The Maryland Legislature's 'House of Cards' Problem
The potential pool of cash available for the film industry shrank by $3.5 million in the final minutes of the General Assembly session, leaving lawmakers asking: Is $15 million enough for "House of Cards" to stay?
The Netflix political thriller, which filmed some of its second season in the Maryland State House, received more than $26 million in taxpayer money over the past two years to film in the state. When the O'Malley administration offered only $4 million in tax incentives for filming this year, the production company pushed back filming for its third season and threatened to break down its sets and move elsewhere.
Lawmakers' disagreement over how much to give the industry - and whether to put conditions on the money - lingered until minutes before the General Assembly adjourned at midnight. With just 15 minutes remaining, six powerful lawmakers argued forcefully in the lounge of the House of Delegates over whether giving state officials the option to revoke promised tax credits would scare off film companies.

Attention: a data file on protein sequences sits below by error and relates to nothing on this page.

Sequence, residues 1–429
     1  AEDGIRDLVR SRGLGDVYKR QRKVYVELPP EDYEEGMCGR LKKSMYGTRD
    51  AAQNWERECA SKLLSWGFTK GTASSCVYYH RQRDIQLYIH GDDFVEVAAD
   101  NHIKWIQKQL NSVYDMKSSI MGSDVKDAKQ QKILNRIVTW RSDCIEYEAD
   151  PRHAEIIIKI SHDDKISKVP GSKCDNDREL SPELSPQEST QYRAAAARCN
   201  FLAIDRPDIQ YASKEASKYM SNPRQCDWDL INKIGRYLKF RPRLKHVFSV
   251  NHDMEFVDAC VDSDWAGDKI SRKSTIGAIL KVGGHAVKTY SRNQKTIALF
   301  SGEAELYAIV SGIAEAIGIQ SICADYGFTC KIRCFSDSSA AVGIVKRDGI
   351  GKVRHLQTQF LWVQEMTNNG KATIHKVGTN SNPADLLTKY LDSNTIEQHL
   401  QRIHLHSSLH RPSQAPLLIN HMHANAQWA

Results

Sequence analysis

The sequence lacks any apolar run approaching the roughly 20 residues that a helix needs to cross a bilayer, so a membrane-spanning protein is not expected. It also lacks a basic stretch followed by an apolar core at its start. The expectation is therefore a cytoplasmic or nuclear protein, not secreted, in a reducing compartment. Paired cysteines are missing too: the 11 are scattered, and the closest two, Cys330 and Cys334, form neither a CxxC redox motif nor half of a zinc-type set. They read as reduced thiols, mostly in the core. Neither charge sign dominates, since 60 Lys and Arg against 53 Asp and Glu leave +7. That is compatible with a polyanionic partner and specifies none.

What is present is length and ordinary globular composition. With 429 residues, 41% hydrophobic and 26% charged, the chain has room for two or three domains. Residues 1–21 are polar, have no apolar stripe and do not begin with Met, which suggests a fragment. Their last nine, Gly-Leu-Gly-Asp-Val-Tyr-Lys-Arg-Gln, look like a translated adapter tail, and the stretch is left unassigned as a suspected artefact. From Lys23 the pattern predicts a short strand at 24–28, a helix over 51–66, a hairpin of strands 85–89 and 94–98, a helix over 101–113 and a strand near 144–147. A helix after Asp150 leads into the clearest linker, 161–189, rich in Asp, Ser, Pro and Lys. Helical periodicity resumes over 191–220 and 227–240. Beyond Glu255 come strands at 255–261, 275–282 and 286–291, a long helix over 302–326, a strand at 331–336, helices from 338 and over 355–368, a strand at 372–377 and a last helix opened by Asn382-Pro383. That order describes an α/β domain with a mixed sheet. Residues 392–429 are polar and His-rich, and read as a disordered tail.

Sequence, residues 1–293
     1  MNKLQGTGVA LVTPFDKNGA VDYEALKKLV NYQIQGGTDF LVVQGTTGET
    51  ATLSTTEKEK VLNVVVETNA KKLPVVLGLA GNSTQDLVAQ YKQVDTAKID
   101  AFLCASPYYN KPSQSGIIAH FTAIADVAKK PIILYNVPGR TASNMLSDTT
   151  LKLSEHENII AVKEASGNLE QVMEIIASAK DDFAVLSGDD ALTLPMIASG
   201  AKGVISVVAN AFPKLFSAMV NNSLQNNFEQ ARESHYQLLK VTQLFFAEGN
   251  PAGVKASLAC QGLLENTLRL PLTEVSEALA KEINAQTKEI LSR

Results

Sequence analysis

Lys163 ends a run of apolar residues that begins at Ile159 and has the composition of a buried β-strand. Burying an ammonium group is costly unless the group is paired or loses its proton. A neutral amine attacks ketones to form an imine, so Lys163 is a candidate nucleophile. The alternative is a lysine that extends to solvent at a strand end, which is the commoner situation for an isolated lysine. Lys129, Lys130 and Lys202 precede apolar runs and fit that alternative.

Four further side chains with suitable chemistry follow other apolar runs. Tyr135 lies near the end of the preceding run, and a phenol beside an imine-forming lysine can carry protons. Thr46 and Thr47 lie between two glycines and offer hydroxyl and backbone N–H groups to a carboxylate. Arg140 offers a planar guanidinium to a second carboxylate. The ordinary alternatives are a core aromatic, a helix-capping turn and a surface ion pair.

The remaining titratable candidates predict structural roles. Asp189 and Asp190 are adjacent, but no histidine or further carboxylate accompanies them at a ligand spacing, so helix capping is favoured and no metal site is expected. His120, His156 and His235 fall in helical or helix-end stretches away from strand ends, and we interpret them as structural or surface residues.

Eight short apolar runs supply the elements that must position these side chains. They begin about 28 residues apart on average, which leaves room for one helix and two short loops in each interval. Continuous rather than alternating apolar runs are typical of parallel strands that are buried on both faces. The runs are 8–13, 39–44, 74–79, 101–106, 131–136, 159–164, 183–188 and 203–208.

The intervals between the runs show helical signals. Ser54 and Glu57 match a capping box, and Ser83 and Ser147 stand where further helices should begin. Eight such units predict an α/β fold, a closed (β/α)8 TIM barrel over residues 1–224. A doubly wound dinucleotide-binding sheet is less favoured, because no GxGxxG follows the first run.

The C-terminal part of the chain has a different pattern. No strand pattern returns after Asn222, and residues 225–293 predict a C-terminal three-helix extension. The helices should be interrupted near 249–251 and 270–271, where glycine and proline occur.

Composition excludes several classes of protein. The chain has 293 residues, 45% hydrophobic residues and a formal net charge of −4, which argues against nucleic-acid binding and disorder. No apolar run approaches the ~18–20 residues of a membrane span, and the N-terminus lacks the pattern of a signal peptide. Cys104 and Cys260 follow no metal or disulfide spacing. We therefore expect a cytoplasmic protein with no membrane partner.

"We're losing hundreds of millions of dollars in business," Sen. Verna L. Jones-Rodwell, a Baltimore Democrat, argued to House colleagues who refused to back down on the conditions. If the bill with the provisions did not pass before midnight, the budget only allowed state officials to spend $15 million on film incentives instead of the $18.5 million that was available.
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